Weide races briskly through many, though obviously not all, of Allen’s forty-plus films, which means you’ll have to look elsewhere for in-depth textual analysis. Though many clips are shown, the focus remains resolutely on the man himself, which is understandable since Weide scored a coup simply by getting Allen, who prefers to let his work speak for itself, to agree to the project in the first place. Many of Allen’s associates are also interviewed, most notably his sister and producer Letty Aronson and longtime friend and collaborator Diane Keaton, but it is most often Allen at center stage, whether discussing his films, his neuroses, or taking Weide back to visit his childhood home.
Unsurprisingly then, the portrait that emerges of Allen is the one he has long been painting for the public. Allen is a workaholic and, yes, a neurotic who does not consider himself a great filmmaker (he’s still waiting to make a real masterpiece like his hero Bergman did) and his world-view is almost completely determined by the gruesome prospect of his impending death (One of his most famous quotes: “I don’t want to achieve immortality through my work, I want to achieve it through not dying.”) Since we know we’re going to die, all we can do is lie to ourselves about what we do in the meantime: “We all know the same truth, and our lives consist of how we distort it.”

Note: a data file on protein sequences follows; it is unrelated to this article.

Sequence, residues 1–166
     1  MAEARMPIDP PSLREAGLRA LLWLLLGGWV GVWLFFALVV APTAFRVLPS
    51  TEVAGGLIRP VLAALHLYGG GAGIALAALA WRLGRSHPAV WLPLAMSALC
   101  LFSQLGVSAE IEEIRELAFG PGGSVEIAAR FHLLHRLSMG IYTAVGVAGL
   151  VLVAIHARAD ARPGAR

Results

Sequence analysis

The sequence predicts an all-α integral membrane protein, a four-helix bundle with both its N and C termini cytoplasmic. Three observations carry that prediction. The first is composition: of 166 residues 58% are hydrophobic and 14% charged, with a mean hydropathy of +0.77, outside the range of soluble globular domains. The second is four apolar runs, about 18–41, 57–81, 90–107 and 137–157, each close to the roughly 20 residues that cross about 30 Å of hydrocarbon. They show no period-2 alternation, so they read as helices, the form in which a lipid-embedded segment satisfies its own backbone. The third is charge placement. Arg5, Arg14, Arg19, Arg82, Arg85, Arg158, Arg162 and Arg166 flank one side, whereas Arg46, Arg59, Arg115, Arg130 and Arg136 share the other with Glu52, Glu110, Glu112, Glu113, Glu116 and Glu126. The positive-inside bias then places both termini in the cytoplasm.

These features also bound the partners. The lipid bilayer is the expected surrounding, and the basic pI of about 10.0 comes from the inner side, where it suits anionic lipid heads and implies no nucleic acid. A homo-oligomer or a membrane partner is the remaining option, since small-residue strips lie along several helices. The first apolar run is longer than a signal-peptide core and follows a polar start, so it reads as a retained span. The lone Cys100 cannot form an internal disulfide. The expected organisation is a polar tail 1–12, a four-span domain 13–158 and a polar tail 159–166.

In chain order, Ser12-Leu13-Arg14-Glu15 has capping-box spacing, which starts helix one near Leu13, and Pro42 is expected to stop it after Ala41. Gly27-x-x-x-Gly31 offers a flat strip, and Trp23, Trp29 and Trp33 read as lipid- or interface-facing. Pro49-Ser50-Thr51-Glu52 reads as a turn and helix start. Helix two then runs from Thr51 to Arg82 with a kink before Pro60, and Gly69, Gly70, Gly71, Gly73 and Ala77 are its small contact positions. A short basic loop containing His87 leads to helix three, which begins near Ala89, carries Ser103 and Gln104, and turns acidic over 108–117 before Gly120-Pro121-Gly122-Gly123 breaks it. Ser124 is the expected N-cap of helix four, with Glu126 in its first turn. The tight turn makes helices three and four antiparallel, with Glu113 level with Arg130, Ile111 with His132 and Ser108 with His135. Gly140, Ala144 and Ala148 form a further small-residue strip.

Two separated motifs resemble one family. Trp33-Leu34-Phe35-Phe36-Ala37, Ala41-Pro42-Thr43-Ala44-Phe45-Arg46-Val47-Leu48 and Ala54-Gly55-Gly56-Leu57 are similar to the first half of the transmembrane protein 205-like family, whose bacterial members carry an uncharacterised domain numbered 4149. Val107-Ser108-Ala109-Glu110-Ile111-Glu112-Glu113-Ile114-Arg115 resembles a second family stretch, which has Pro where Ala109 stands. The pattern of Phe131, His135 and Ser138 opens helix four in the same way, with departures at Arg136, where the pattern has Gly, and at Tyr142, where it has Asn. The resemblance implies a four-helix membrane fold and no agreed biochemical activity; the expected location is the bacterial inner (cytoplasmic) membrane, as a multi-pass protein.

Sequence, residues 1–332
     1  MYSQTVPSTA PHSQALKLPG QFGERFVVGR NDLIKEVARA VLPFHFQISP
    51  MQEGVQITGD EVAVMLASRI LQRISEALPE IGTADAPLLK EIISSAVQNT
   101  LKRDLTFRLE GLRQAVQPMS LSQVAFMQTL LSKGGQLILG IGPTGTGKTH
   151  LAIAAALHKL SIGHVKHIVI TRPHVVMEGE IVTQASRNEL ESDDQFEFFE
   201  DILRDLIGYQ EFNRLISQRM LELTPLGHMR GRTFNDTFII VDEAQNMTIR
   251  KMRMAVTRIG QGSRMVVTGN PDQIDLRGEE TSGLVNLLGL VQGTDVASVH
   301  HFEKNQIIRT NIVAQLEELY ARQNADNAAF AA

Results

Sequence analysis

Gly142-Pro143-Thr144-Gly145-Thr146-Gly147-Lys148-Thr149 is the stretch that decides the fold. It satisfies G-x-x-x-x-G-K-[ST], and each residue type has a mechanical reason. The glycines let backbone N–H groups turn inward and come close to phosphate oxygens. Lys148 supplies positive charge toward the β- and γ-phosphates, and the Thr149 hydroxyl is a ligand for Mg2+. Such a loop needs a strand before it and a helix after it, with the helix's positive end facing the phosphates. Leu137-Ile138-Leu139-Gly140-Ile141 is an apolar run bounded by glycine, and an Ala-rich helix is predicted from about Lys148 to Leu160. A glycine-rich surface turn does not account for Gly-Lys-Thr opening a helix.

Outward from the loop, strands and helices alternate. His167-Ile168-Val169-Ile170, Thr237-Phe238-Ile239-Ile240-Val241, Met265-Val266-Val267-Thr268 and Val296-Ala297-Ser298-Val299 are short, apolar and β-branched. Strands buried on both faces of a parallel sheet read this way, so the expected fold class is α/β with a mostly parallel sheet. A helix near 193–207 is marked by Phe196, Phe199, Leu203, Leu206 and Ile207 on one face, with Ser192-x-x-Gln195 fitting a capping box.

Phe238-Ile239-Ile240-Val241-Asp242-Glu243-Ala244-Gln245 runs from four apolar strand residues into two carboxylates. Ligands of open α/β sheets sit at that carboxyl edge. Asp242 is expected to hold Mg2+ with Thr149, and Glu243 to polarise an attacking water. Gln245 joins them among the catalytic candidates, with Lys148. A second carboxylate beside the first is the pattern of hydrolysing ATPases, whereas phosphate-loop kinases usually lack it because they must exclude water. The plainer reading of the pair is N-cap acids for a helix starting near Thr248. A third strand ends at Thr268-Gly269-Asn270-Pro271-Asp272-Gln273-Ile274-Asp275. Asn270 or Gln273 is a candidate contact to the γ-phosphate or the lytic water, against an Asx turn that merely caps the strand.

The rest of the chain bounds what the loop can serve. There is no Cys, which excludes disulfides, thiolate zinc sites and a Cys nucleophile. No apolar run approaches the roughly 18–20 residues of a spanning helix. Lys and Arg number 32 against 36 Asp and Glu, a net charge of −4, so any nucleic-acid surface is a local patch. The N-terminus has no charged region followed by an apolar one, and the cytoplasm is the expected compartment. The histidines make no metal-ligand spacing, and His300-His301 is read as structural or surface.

Allen has been distorting the truth on film for five decades now, and continues to plug away at his own furious but completely self-determined pace. He claims to prefer quantity over quality because making a greater number of films means he’s more likely to sneak through a good one every now and then. This poor-mouthing might sound disingenuous, but Allen lives in such a rigidly structured world (his friends sing the word “compartmentalizing” in unison to describe his ability to keep his life organized exactly as he wants it) that it’s somewhat easier to believe. Indeed, one of the more interesting facts mentioned in the film is that Allen was so unhappy with his final cut of “Manhattan” that he offered to make his next film free for United Artists if they would not release the movie.